Lecture6sankary

Lecture6sankary - Introduction to Electronics ECED3201-...

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Page 1 ECED3201- Introduction to Electronics Prof. Kamal El-Sankary, Ph.D Kamal.El-Sankary@Dal.ca Introduction to Electronics
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Page 2 Part II: Bipolar Junction Transistors (BJTs) (cnt’d) ECED3201- Introduction to Electronics
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Page 3 Lecture Outline ECED3201- Introduction to Electronics IV. Analysis of BJT circuits V. Biasing in BJT Amplifier Circuits VI. Single-Stage BJT Amplifiers
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Page 4 Lecture Outline ECED3201- Introduction to Electronics IV. Analysis of BJT circuits V. Biasing in BJT Amplifier Circuits VI. Single-Stage BJT Amplifiers
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Page 5 IV.1. DC Analysis vs. Small-Signal Analysis Transistors must be biased because: – They must operate in the active region, and – Their small-signal model parameters are set by the bias conditions. Steps for using small-signal models 1. Determine the DC operating point of the BJT – in particular, the collector current I C 2. Calculate small-signal model parameters: g m , r e ,r 3. Eliminate DC sources – replace voltage sources with shorts and current sources with open circuits 4. Replace BJT with equivalent small-signal models – Choose most convenient one depending on surrounding circuitry 5. Analyze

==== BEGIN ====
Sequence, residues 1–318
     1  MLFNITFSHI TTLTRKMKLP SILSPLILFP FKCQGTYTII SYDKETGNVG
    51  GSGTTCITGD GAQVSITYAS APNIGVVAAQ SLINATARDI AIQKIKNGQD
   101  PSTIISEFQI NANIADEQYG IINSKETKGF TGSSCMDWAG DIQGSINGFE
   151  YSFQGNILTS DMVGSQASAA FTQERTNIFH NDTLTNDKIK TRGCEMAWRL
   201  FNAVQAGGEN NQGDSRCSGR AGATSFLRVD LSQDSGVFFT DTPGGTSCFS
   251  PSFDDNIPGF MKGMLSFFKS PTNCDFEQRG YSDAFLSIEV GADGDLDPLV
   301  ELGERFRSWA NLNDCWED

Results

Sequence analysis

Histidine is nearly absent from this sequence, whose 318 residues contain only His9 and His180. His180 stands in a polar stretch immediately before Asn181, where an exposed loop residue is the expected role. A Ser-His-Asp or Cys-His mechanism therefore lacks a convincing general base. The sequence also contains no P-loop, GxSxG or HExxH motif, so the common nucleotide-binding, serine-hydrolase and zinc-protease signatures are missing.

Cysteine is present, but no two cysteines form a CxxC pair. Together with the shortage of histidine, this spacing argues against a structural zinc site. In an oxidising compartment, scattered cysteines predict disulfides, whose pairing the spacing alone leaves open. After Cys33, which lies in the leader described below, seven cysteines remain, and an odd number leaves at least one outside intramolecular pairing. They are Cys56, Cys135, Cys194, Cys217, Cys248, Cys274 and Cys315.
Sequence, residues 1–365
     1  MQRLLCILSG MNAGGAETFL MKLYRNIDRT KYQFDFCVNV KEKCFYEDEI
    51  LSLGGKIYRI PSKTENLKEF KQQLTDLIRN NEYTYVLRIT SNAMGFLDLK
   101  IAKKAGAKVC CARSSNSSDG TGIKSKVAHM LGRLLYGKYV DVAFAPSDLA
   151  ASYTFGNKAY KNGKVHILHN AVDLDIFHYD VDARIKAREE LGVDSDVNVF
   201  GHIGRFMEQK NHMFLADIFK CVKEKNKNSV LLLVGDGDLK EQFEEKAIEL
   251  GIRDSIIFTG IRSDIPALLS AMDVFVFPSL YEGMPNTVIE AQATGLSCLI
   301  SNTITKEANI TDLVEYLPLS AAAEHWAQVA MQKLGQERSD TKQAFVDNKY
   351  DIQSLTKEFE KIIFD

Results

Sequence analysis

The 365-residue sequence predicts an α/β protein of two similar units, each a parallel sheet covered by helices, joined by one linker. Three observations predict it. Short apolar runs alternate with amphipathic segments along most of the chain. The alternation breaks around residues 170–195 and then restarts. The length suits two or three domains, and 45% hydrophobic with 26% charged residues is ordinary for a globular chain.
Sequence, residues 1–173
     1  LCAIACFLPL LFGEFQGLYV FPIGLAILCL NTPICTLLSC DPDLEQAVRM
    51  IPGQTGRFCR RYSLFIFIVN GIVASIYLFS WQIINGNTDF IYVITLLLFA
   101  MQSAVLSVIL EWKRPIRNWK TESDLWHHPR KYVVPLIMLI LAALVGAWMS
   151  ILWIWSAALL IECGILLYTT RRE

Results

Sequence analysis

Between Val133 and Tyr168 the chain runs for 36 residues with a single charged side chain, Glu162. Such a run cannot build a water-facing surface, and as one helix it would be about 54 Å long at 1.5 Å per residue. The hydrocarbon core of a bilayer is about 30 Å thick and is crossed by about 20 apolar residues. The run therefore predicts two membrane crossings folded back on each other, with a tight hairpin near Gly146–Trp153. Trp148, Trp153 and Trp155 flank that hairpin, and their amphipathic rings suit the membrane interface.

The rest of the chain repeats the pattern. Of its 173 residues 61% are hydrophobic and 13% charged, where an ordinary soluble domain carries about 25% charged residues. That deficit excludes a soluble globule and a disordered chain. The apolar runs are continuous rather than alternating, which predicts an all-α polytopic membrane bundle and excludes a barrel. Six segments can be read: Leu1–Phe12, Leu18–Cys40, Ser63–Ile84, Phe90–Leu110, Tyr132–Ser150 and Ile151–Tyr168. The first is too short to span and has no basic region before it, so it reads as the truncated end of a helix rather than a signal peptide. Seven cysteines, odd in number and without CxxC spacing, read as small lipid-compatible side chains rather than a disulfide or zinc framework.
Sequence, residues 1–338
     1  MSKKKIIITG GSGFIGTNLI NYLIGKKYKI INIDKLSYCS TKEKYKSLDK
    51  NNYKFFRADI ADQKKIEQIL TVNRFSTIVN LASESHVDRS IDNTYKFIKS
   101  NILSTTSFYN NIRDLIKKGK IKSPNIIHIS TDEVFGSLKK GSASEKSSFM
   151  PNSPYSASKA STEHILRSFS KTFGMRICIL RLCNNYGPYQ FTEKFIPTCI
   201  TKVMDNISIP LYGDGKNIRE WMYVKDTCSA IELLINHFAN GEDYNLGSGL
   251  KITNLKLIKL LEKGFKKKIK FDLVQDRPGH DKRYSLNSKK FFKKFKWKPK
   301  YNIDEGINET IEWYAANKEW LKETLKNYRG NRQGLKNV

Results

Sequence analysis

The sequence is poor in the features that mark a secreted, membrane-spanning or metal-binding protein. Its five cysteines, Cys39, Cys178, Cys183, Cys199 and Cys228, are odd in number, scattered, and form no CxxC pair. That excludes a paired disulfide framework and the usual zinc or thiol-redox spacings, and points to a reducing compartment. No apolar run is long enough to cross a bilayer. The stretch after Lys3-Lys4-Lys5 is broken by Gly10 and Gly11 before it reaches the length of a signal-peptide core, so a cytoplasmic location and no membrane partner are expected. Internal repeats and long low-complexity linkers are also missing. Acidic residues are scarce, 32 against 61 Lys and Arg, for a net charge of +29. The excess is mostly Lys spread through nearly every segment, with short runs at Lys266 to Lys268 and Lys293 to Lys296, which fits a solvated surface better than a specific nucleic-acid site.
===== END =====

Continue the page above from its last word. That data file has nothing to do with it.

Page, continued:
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Page 6 IV.1. DC Analysis vs. Small-Signal Analysis (cnt’d) DC analysis AC analysis
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Page 7 IV.2. Graphical Analysis Can be useful to understand the operation of BJT circuits First, establish DC conditions by finding I B (or V BE ) Second, figure out the DC operating point for I C
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Page 8 IV.2. Graphical Analysis (cnt’d) Apply a small signal input voltage and see how i b or v be translate into v ce Can get a feel for whether the BJT will stay in active region of operation The location of the dc bias point in the i C - v CE plane significantly affects the maximum allowable signal swing at the collector – The positive peaks of v ce cannot go beyond V CC , otherwise the transistor enters cut-off region – The negative peaks of v ce cannot go below 0.2 or 0.3V otherwise the transistor enters saturation region
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Page 9 What happens if R C is larger or smaller? –much larger R C Load-line A results in bias point Q A with a corresponding V CE which is too close to V CC and thus limits the positive swing of v CE (there isn’t sufficient “head room”) –much smaller R C load-line B results in an operating point too close to the saturation region, thus limiting the negative swing of v CE (there isn’t sufficient “leg room”) IV.2. Graphical Analysis (cnt’d)
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This note was uploaded on 02/12/2011 for the course ECED 3201 taught by Professor Al-sankary during the Spring '11 term at Dalhousie.

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Lecture6sankary - Introduction to Electronics ECED3201-...

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